Dinosaurology, the newest entry into the Ology series of interactive books that present themselves as scientific journals chock full of artifacts, flaps, fold-outs and envelopes, hides its inspiration in a brief letter at the end of the book from Sir Conan Doyle dated June 4, 1930. In his letter to the president of the British Association of Intrepid Explorers, Doyle explains that his good friend Colonel Percy Fawcett sent him the journals from his expedition to South America in 1907, sponsored in part by Doyle, emphatically asking him not to share his findings with anyone. Doyle reveals that their friendship ended when he published his novel Lost World, Fawcett finding it too revelatory of his secret expedition, despite the fact that Doyle claimed it was fiction. Doyle ends his letter hoping that the Association will use Fawcett's journals to find Yannapalu.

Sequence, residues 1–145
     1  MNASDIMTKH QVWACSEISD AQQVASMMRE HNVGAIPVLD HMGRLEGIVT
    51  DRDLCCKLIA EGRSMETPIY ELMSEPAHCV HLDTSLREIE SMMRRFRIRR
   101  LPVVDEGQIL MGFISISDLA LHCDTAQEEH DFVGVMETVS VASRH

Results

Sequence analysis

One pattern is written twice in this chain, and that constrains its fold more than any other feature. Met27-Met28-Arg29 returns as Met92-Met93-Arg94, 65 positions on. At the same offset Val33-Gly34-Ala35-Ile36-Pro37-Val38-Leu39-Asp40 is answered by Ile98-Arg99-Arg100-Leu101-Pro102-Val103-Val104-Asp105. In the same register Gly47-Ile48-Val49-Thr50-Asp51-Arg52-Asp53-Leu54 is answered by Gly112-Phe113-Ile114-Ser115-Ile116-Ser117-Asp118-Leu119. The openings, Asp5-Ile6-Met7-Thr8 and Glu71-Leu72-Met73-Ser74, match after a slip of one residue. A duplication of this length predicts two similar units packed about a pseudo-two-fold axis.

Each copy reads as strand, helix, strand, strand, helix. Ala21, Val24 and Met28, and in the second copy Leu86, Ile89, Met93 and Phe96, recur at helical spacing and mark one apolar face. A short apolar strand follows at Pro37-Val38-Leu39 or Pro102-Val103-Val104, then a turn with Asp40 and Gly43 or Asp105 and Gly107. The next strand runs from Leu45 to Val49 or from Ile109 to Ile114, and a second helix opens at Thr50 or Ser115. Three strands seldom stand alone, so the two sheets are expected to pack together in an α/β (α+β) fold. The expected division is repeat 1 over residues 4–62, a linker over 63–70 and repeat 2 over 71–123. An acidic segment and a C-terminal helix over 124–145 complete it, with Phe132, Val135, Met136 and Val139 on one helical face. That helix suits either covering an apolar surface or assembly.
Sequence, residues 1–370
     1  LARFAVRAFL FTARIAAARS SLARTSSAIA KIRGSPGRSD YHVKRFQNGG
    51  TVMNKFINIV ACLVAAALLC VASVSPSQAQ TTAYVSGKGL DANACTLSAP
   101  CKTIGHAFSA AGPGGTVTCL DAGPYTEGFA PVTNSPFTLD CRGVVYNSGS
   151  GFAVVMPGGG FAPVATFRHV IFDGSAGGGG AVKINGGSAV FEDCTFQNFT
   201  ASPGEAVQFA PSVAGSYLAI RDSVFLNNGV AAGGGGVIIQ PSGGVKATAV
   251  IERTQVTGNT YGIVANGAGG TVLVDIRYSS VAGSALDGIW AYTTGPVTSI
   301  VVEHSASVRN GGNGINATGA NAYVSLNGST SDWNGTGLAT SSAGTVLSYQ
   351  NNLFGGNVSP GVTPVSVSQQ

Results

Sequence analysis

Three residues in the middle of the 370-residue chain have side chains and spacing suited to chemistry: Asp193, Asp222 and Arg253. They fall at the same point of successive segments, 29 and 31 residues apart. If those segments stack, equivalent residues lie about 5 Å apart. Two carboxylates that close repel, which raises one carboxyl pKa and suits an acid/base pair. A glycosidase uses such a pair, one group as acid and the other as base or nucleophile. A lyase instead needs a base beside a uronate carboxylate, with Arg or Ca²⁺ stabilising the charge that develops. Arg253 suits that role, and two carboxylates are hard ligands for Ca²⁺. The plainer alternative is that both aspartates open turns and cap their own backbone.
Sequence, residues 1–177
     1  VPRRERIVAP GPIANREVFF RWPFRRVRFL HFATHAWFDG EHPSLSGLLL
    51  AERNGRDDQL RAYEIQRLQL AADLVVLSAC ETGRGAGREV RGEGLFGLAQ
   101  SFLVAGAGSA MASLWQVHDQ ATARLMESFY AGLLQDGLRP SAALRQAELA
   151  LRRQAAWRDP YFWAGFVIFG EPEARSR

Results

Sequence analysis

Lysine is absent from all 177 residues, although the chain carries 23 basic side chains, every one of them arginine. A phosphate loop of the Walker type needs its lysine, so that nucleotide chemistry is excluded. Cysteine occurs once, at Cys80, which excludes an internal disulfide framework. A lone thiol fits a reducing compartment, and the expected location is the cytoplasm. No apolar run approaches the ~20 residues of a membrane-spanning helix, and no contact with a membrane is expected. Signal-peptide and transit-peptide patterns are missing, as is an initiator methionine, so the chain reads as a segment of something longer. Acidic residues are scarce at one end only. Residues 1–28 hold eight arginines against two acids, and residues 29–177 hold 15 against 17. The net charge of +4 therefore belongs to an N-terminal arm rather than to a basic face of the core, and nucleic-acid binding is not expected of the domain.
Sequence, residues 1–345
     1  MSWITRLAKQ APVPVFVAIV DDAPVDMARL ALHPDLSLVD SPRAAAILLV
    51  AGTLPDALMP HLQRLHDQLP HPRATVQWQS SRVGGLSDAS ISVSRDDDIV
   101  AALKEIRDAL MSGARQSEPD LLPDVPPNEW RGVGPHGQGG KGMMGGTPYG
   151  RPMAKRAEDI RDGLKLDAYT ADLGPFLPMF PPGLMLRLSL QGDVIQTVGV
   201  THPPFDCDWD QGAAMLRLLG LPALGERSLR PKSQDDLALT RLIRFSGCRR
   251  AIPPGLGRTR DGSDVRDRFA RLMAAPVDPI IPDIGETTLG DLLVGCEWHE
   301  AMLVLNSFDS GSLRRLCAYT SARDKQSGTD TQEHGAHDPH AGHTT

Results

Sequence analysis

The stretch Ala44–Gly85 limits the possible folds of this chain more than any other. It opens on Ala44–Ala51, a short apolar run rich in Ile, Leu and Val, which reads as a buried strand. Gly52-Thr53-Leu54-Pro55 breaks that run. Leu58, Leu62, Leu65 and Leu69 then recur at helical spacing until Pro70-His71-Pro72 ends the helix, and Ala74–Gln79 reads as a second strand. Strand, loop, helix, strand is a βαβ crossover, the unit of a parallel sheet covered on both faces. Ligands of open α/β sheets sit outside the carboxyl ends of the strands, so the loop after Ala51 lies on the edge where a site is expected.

The pages between these two letters document Fawcett's journey to South America and Yannapalu, the island of the dinosaurs. Fawcett includes cultural information about the people of the island, geographical information about the changes that created land bridges, and lots and lots of information about dinosaurs. Sprinkled in the fictional story about Dinosaur Island is factual information about dinosaurs, prehistoric plant life and the early scientists who studied their fossils. There are samples of finely ground dinosaur horn, a pouch of jewels and a sample of shed Allosaurus skin.
Fans of James Gurney's Dinotopia, first published in 1992, the gorgeously illustrated documentation of a secret island where sentient dinosaurs and shipwrecked humans coexist happily, will appreciate Dinosaurology. Fans of Dinosaurology should absolutely seek out Dinotopia, which was also made into a pretty decent miniseries in 2002 and a much less decent animated movie. It was also adapted into a chapter book series, now out of print.
Source: Review Copy